Kent State’s School of Digital Sciences Joins College of Communication and Information
On July 1, the Kent State University School of Digital Sciences became the fifth school in the College of Communication and Information, making it the only college in the nation to combine a mix of digital sciences, visual communication design, journalism and mass communication, information sciences and communication studies in its curriculum.
“Over the past decade, digital technologies have transformed the disciplines in our college,” says Amy Reynolds, Ph.D., dean of Kent State’s College of Communication and Information. “This is significant because the growth of colleges of communication and information are on the rise at top-tier, research-intensive universities. The digital sciences integration provides the College of Communication and Information and Kent State the opportunity to immediately emphasize and expand their reputations as national thought leaders in our specialties.”
The School of Digital Sciences was established in fall 2011 at Kent State as an independent, interdisciplinary school using faculty members from colleges across the university to teach its courses, instead of having its own permanent faculty. This model allowed students to take selected classes from other programs as part of their digital sciences major.
“The School of Digital Sciences will continue to function as an interdisciplinary unit across campus, as the College of Communication and Information will work with other colleges to enhance the existing partnerships and programs,” Reynolds says. “This realignment of the School of Digital Sciences within the university’s standard academic administrative structure is really an effort to utilize resources more efficiently to meet the needs of our students.”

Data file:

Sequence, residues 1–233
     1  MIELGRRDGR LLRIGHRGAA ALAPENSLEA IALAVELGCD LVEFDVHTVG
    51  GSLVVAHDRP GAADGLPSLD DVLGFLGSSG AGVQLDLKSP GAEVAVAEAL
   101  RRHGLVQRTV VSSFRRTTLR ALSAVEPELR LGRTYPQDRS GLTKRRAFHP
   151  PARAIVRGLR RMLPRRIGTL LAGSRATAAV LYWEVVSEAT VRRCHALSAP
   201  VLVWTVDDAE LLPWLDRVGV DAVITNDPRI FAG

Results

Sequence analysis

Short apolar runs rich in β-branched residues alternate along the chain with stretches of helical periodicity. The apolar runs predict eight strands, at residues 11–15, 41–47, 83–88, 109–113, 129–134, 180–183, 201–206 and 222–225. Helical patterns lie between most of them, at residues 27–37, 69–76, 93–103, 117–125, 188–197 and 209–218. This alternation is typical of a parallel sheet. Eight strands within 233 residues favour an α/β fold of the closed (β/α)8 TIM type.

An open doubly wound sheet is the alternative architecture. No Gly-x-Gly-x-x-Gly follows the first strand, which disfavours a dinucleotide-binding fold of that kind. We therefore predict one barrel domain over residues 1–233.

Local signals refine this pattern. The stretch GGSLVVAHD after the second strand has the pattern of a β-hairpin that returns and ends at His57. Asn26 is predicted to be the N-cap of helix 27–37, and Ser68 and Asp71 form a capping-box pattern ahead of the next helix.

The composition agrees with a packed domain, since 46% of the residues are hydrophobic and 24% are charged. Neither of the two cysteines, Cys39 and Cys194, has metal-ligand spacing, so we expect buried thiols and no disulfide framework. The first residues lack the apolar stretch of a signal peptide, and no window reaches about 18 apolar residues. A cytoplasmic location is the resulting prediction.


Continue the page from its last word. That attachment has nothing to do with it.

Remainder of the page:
The addition of the School of Digital Sciences to the College of Communication and Information allows the college to build across its own existing programs – particularly in the areas of data science, knowledge management, user experience design, health informatics, organizational and global communication, visual communication design, media and journalism – while maintaining the interdisciplinary nature of digital science. The School of Digital Sciences will benefit from the integration by better incorporating the college’s expertise in communication, information, design thinking, the social consequences of technology and its impact on the public good and civil society.
“Having the College of Communication and Information as our school’s administrative home will allow us to further develop both our undergraduate and graduate degree programs,” says Jeff Fruit, the interim director for the School of Digital Sciences. “We will not only be able to enhance some strong existing interdisciplinary collaborations, but also build new ones.”
Reynolds adds, “In other words, the School of Digital Sciences enhances the College of Communication and Information’s pursuit of the interdisciplinary study of digital technologies, while the college enhances digital sciences’ interest in providing context and expertise about the relationship between society, information, communication, technology and people. This move is a win-win for all involved.”